Heart DiseaseHeart Health
Heart disease is the leading cause of death for men and women in the United States. Many of the causes of heart disease can be prevented or controlled by adopting a healthy lifestyle. It is also important to get regular health screenings for your blood pressure and cholesterol levels.

ObesityObesity Advocacy
Many people struggling with obesity are denied coverage for needed treatment such as medically managed weight loss programs or bariatric surgery. Learn how you can appeal an insurance denial for treatment or become an advocate for change.


Health Care Resources

If a free society cannot help the many who are poor, it cannot save the few who are rich.
~John Fitzgerald Kennedy

Good health is important to everyone; unfortunately, not everyone can afford adequate medical care when it’s needed. If you are uninsured or underinsured and need medical care now, yet cannot afford to pay for it, there may be a government program that can help you. Several health care options are currently available to qualifying, low-income individuals and families from either a federal or state agency to help you get healthy and stay healthy.

The Centers for Medicare & Medicaid Services (CMS)

The CMS is the federal agency responsible for administering the Medicare, Medicaid, State Children’s Health Insurance (SCHIP), Health Insurance Portability and Accountability Act (HIPAA), and other health-related programs. An overview of these programs is provided below, or you may visit their online site at http://www.cms.hhs.gov/ for additional information and how to apply for these benefits.


Medicare is a social insurance program administered and funded by the federal government. It provides health insurance primarily for people age 65 or older, but also for people under age 65 who meet certain health criteria, who are either a US citizen or have been a permanent legal resident for five continuous years.

  • In 2007, Medicare provided health care coverage for 43 million Americans

The Medicare program is administered by the Centers for Medicare and Medicaid Services (CMS), however eligibility and processing of premium payments is handled by the Social Security Administration. CMS has contracted with various private companies to assist with the administration.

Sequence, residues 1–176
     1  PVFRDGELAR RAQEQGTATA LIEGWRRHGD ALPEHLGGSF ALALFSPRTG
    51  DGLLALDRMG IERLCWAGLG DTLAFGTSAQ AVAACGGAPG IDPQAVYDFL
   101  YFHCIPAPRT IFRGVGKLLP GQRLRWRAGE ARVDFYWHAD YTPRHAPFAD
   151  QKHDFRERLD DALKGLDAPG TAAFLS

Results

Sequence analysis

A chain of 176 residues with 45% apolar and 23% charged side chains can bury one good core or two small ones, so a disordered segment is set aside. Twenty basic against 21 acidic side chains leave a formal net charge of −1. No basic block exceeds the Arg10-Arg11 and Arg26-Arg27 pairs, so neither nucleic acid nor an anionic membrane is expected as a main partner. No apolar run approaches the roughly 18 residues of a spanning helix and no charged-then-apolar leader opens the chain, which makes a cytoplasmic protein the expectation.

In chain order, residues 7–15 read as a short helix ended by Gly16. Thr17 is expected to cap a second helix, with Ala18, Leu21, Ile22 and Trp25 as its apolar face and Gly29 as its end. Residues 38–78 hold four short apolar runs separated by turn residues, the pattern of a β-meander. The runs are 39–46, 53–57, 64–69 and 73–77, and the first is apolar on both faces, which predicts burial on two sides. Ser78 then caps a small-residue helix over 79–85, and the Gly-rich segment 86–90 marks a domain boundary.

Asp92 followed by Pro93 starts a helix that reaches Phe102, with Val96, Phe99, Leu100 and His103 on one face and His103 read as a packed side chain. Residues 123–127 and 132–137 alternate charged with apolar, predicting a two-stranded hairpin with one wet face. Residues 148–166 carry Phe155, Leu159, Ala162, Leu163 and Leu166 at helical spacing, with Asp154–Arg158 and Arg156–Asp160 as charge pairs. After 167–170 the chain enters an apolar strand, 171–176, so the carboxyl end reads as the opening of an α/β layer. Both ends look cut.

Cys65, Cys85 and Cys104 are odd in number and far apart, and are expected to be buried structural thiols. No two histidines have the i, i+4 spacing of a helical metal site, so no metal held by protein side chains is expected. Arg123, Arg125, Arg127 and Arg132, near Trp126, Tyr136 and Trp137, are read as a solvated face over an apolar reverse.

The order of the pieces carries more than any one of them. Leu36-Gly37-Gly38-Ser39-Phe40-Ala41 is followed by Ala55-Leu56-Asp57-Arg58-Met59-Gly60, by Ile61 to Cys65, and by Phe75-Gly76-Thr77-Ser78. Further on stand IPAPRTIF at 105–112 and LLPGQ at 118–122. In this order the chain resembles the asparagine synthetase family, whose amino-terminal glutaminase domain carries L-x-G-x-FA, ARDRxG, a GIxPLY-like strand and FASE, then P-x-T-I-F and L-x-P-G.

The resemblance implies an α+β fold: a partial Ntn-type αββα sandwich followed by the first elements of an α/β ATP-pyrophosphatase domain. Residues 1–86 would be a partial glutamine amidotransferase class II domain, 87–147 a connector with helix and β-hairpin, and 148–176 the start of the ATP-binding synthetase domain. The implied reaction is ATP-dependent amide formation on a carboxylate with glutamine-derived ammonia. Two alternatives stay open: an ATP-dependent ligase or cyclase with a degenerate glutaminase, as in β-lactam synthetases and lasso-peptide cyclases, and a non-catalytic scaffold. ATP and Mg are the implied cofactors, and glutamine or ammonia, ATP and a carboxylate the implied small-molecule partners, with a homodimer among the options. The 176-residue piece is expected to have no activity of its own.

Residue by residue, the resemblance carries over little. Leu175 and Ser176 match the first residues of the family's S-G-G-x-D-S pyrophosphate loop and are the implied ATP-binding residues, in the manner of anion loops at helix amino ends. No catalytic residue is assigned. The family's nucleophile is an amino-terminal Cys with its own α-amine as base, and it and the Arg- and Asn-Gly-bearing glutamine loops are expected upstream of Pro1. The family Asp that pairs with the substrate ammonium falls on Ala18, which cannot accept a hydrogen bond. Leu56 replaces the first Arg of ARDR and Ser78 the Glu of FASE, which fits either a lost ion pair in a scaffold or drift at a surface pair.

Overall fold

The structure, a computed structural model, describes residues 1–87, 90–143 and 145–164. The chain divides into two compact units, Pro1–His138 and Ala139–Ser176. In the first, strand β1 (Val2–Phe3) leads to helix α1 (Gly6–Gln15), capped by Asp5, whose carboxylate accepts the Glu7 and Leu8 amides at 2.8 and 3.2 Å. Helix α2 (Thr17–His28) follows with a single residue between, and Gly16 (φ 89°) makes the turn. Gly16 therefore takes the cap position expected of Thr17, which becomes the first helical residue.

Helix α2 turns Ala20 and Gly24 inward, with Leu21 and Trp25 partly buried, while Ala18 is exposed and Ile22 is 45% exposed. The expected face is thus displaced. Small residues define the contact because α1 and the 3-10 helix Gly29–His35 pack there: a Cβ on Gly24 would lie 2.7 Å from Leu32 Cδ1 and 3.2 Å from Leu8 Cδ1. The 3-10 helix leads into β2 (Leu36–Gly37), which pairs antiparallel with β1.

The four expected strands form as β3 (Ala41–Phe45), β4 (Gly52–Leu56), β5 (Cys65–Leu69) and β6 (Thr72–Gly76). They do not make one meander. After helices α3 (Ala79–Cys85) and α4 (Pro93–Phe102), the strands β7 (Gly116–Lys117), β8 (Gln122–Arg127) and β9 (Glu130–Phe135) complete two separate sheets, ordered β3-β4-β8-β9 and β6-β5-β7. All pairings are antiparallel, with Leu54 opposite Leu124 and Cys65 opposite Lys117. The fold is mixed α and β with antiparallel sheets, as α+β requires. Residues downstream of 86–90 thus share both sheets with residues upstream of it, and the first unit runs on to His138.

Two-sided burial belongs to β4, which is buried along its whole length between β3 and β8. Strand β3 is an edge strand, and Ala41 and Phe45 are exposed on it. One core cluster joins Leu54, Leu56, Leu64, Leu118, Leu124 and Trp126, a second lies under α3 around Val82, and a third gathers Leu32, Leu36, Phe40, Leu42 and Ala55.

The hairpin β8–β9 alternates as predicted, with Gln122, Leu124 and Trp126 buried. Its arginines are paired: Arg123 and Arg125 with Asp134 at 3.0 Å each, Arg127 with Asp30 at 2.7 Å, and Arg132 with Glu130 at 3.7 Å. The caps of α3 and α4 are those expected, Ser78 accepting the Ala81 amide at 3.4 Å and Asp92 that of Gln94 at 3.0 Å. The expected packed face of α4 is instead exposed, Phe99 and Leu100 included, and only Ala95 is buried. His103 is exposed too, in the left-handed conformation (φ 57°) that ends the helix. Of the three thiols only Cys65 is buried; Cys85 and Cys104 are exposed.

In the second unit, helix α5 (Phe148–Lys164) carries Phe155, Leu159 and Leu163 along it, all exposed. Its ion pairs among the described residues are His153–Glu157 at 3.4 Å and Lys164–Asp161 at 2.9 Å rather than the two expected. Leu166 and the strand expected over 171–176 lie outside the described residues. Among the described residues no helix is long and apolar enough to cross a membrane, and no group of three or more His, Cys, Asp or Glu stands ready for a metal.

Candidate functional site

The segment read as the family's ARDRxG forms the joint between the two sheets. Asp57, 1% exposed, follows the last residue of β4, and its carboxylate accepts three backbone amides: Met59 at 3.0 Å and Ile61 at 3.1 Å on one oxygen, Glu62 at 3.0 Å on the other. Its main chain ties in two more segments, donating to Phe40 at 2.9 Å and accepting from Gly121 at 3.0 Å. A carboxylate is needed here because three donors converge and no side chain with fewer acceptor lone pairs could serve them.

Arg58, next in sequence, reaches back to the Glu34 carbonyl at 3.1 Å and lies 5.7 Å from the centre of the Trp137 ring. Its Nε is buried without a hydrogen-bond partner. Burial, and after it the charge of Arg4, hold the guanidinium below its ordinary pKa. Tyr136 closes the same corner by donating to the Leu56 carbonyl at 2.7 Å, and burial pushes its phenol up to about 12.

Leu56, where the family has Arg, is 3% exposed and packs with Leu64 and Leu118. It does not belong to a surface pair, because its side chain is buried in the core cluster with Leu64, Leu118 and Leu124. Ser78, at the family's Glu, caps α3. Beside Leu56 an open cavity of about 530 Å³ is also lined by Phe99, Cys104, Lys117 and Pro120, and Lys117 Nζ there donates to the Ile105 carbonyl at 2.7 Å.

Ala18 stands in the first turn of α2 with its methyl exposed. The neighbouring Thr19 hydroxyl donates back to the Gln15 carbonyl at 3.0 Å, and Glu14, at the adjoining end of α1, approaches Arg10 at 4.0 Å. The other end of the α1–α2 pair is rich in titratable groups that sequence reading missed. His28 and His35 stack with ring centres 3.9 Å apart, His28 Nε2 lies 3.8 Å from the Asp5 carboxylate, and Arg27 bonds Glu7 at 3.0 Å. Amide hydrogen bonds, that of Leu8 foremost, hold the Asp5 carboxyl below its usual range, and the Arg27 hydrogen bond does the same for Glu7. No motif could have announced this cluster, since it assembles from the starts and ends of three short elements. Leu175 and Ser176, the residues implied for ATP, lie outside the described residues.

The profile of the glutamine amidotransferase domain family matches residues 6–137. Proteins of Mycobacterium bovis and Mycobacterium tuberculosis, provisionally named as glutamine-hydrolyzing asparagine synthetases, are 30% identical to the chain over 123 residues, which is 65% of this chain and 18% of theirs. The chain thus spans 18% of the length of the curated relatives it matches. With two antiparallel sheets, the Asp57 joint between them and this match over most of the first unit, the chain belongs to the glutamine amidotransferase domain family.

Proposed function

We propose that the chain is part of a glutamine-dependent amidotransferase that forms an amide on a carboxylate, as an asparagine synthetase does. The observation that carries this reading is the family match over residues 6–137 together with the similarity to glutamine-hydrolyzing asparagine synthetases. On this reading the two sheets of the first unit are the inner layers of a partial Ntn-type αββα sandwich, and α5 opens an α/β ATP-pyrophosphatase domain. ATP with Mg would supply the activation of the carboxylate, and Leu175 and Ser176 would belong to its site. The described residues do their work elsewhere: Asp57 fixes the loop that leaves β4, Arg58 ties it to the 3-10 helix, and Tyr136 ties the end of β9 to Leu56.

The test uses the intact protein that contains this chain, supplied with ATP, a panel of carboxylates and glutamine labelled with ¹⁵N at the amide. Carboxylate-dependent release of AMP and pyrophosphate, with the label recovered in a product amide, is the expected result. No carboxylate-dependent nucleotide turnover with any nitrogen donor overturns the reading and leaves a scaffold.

The Medicare program is categorized into parts: Part A – Hospital Insurance, Part B – Medical Insurance, Part C – Medicare Advantage Plan, and Part D – Prescription Drug Plan. Medicare does not cover all of a person’s medical costs – beneficiaries have premiums, deductibles, and co-pay amounts. Some low-income people may also qualify for dual coverage with a program such as Medicaid to help pay for premiums and other out-of-pocket medical expenses.


Medicaid is a government entitlement program that provides health care to qualifying low-income individuals and families. It is jointly funded by the federal and state governments, although it is administered at the state level. Each state may have it’s own name for the program, as well as it’s own set of guidelines for eligibility and services. The CMS is responsible for monitoring the state-run programs and setting requirements for service, delivery, quality, funding, and eligibility standards.

  • Medicaid is the largest source of funding for medical and health-related services for people with limited income

Being poor does not automatically qualify an individual or family for Medicaid benefits. To be eligible, one must fit into an eligibility group that is recognized by federal and state law, as well as meet certain requirements within each group. Among the groups covered are low-income parents, children, seniors, and people with disabilities. Some of the requirements involved are age, pregnancy, disability, blindness, income, assets, resources, citizenship or immigrant status.

When health care is provided by a participating health care professional or medical facility, Medicaid will pay all or a portion of the bill. The payment is sent directly to the health care provider, the money is not sent to you. In some cases, a patient may be asked to pay a small portion of the cost for some medical services.

The State Children’s Health Insurance (SCHIP)

The State Children’s Health Insurance (SCHIP) was created in 1997 to provide health insurance for uninsured children whose families were of limited income and could not afford private insurance, yet made too much money or had too many assets to qualify for Medicaid.

The SCHIP program is jointly funded by the federal and state governments and administered by the states. Although each state must follow general federal guidelines, each state is allowed to determine it’s own program structure, eligibility groups, benefit packages, payment levels for coverage, and administrative procedures. The program may also be called different names in different states.

  • SCHIP provided health care coverage for 6.6 million children during 2006

The SCHIP program helps families have access to medical and dental care for children. With this program, many health care expenses are covered in full, although in some instances patients may be asked to pay a small co-pay amount.